| One of the coolest houses I've ever been in was my Great Aunt Maggie's house. I didn't know it at the time, but they were poor. It was a two story house with a garage out back. The public gravel road ran on their property between the garage and house. There was a fence along the road to keep the turkeys in the yard. There was a forest around the garage.
To one side was a big swing that a bunch of kids or adults could sit in at one time, and it hung from two trees. My recall may be fuzzy, but there was a shed or a chicken house behind those trees. Next to that was a huge garden. It supported them all year long and gave a little extra for trading or selling, and some to slop the pigs.
For most of my childhood, there was a pigsty on the far side of the driveway. We weren't allowed around that. The outhouse was nearby. I guess no one told them the outhouse shouldn't be near animals. At first there was a water pump near the back door. Later, the sons converted it to an electric pump and wired it to the house. They kept a bucket hanging on the spigot, so that they could throw a switch, like a light switch, inside, and get water. You had to turn it off pretty quick to keep from wasting it. Then you'd walk out and switch the full bucket with an empty bucket.
There were deer skins on the walls and antlers. TV always had a football game, while the wood stove warmed up the room. They cooked on the big wood stove in the kitchen and washed dishes there in a big metal bowl. Those ladies had sterile hands, dipping into that hot water like that!
A big table seated everyone when we dined there. I loved sitting on the back porch, even when it was cold. Then they enclosed it, and put screens up which made it nice for summer, and kept you dry.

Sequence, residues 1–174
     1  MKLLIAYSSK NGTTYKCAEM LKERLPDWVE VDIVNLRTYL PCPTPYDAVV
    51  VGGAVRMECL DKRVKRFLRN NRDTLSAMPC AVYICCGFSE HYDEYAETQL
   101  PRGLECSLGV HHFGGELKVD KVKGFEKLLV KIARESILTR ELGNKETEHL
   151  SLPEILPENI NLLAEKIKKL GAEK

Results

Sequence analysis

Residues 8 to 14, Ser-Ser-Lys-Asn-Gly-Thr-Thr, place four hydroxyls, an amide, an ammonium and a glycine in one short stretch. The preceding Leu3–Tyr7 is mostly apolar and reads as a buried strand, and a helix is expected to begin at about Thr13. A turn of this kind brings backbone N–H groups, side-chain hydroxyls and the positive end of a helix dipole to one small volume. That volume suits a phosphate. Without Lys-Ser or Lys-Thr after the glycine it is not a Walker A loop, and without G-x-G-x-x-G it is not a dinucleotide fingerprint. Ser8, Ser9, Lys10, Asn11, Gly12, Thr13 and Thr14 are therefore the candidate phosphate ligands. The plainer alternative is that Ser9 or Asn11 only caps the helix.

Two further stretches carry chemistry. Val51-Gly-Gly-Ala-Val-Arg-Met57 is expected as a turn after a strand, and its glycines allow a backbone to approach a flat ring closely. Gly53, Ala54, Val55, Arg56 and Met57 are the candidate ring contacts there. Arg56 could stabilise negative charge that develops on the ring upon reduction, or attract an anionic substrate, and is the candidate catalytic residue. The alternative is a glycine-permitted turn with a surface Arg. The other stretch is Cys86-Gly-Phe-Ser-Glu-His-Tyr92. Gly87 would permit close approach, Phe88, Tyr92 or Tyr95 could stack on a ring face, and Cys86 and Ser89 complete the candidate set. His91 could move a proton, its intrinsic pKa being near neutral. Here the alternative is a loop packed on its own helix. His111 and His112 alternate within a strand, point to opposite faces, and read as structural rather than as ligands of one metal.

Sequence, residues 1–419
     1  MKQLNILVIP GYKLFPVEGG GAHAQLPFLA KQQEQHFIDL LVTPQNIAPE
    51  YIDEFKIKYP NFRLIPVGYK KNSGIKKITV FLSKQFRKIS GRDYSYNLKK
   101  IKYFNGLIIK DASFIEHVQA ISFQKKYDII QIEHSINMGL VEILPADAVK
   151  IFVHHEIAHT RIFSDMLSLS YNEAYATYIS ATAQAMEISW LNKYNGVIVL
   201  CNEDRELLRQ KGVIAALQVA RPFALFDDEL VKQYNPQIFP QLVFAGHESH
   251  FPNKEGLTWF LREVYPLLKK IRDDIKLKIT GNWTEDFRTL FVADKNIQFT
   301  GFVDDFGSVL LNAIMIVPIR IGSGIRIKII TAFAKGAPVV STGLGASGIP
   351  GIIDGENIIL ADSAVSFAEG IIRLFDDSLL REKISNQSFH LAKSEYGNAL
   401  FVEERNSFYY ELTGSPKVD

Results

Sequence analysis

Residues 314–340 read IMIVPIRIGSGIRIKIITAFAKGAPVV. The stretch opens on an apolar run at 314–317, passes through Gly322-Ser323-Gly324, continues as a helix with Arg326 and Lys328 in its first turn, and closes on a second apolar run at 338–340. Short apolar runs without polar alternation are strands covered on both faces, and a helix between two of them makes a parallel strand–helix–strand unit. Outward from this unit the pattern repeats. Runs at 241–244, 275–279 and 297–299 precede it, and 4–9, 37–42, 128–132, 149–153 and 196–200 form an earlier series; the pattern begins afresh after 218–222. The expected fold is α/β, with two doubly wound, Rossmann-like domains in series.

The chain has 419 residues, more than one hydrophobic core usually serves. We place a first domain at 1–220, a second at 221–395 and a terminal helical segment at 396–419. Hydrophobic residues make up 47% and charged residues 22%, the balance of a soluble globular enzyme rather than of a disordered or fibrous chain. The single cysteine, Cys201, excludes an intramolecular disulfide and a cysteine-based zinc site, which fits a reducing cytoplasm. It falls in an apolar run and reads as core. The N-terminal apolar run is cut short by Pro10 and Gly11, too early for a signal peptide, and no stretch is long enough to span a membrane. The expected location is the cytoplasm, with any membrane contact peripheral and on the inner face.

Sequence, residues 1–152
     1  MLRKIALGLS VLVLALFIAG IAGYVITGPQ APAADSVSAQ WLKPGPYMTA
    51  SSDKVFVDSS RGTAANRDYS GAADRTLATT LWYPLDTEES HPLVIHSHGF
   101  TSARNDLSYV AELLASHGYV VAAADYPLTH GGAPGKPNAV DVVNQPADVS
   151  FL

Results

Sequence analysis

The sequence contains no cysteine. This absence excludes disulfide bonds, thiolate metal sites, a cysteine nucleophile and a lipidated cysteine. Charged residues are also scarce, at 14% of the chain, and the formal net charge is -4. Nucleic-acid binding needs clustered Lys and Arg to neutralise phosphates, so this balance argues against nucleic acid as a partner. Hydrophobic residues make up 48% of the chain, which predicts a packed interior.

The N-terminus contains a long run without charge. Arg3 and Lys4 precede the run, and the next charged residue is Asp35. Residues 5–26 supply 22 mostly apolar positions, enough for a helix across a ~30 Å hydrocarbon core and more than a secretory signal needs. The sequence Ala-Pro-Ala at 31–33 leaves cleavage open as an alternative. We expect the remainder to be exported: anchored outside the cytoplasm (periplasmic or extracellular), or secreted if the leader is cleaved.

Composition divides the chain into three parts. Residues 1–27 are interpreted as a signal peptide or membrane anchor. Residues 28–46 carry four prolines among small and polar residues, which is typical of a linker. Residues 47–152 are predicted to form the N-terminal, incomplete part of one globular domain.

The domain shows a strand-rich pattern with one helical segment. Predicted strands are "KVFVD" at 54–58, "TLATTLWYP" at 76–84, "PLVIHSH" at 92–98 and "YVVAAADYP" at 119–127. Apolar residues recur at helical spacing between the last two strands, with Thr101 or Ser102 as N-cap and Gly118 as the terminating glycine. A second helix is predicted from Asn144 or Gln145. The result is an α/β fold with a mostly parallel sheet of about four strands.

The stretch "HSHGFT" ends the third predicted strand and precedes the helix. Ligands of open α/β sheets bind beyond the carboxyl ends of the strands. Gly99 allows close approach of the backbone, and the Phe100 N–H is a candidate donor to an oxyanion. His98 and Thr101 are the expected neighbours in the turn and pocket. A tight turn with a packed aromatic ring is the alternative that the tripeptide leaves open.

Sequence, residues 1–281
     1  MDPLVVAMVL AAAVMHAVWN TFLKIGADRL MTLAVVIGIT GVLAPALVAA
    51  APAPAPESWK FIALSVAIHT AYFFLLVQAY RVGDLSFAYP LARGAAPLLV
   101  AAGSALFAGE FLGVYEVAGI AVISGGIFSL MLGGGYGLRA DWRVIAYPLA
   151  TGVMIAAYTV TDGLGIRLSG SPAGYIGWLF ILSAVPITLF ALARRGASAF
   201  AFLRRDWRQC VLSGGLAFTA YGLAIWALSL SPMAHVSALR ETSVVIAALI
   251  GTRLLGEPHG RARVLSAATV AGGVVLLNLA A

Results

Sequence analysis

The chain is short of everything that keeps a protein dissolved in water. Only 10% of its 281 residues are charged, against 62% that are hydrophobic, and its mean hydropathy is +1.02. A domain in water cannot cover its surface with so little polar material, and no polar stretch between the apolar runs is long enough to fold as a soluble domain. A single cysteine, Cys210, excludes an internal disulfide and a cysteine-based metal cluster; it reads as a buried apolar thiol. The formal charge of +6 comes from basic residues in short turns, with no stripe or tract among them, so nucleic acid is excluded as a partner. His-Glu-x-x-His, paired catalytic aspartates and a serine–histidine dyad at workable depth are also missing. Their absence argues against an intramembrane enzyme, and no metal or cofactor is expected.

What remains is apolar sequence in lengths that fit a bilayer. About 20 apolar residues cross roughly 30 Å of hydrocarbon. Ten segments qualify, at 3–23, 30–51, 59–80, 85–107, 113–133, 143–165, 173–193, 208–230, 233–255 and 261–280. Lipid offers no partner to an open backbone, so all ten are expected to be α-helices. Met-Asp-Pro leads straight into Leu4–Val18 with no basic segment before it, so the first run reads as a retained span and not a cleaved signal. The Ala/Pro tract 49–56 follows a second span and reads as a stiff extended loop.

There was a Episcopal church up at the top of the hill in back, where their property began. I only learned years ago, it wasn't a community church. It was owned by the family of the man who married Aunt Maggie. He was a sweet man. A church homecoming usually meant his family and in-laws.It had a pump organ, which I was allowed to play a few times. The small cemetery turns out to be just his relatives, and now his descendants.
They hunted and fished and farmed.Aunt Maggie sold handcrafts. When they were younger, when my dad was just a boy, they were caretakers of other people's property. When I came along, they were retired, poor and land rich. Their son bought the adjoining property which was the stopover for stage coaches. It had been kept up, but unused for decades. Today the land is worth a mint, and is still in that family.
When we were kids, that house with its oil lamps, minimal electricity, wood heat, and outdoor water, and an outhouse and livestock in the yard was a cool place. It was a place of mystery. We always had fun there, and plenty to eat, and lots of laughter.